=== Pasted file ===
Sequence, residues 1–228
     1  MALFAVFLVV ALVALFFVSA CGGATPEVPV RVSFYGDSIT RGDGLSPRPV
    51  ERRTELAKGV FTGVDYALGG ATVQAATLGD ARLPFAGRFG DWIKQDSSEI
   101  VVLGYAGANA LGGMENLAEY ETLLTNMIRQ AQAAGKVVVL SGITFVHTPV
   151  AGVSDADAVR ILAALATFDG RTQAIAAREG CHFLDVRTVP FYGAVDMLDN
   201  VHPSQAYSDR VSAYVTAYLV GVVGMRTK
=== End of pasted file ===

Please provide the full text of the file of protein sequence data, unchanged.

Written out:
Sequence, residues 1–228
     1  MALFAVFLVV ALVALFFVSA CGGATPEVPV RVSFYGDSIT RGDGLSPRPV
    51  ERRTELAKGV FTGVDYALGG ATVQAATLGD ARLPFAGRFG DWIKQDSSEI
   101  VVLGYAGANA LGGMENLAEY ETLLTNMIRQ AQAAGKVVVL SGITFVHTPV
   151  AGVSDADAVR ILAALATFDG RTQAIAAREG CHFLDVRTVP FYGAVDMLDN
   201  VHPSQAYSDR VSAYVTAYLV GVVGMRTK